Growing up, my greatest friend was my late 1980’s/early 1990’s model Fischer-Price tape player. You see, I was an only child until I was nine, had parents who worked long shifts (whom I would often go days without seeing) and I was relentlessly bullied. Each night, I would grab my cat, Babs, turn on my favorite tape, and listen to it until the comforting voices on the tape lulled me to sleep. My tape of choice was a read aloud version of the book The Velveteen Rabbit. I remember the woman had a slightly English lilt to her voice and read in such a nuanced way that the book no longer seemed like a children’s book. I remember many nights, near the end of the book, when my tears would drop silently onto Babs’ head as the boy in the story became ill and when the rabbit met Real rabbits.
Twenty something years later, I no longer listen to the tape before bed, Babs passed away after twenty-two long years and my cassette player has been replaced with an iPhone. However, my love of The Velveteen Rabbit remains strong. Each time I see a copy in a thrift shop, book sale or shop I purchase it; I must have five or six different copies now. Recently, I revisited The Velveteen Rabbit to read to my nephew. As I reread the book to myself, I realized it was too long for him to sit through, but I discovered an important lesson from the book as it relates to my own recovery.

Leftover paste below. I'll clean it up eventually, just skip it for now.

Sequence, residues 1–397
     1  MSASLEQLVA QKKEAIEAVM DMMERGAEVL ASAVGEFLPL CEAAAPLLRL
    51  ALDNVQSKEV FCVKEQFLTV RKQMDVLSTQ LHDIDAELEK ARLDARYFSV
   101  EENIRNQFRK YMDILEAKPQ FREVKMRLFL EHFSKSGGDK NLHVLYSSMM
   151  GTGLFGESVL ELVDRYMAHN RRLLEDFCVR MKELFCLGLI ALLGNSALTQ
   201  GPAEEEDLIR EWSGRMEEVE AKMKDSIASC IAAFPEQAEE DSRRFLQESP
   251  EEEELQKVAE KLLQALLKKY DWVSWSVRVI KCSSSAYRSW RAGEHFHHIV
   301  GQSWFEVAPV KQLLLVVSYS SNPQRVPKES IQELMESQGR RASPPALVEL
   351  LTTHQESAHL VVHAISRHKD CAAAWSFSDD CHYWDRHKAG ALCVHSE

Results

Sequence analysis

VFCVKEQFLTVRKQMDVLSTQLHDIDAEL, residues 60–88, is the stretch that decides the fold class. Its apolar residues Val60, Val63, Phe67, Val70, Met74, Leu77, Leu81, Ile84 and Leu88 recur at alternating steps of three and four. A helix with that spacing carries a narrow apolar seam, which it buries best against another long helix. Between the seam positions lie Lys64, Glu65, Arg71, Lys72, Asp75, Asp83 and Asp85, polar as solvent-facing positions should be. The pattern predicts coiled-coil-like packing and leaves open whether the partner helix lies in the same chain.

While getting the lay of the land in the nursery, the velveteen rabbit asks the skin horse what it means to be Real. The skin horse replies, “It [Real] doesn’t happen all at once. You become. It takes a long time. That’s why it doesn’t happen often to people who break easily, or have sharp edges, or who have to be carefully kept. Generally, by the time you are Real, most of your hair has been loved off, and your eyes drop out and you get loose in the joints and very shabby. But these things don’t matter at all, because once you are Real you can’t be ugly, except to people who don’t understand.” The rabbit then asks the skin horse if he is Real. “The Boy’s Uncle made me Real,” said the skin horse, “That was a great many years ago; but once you are Real you can’t become unreal again. It lasts for always.”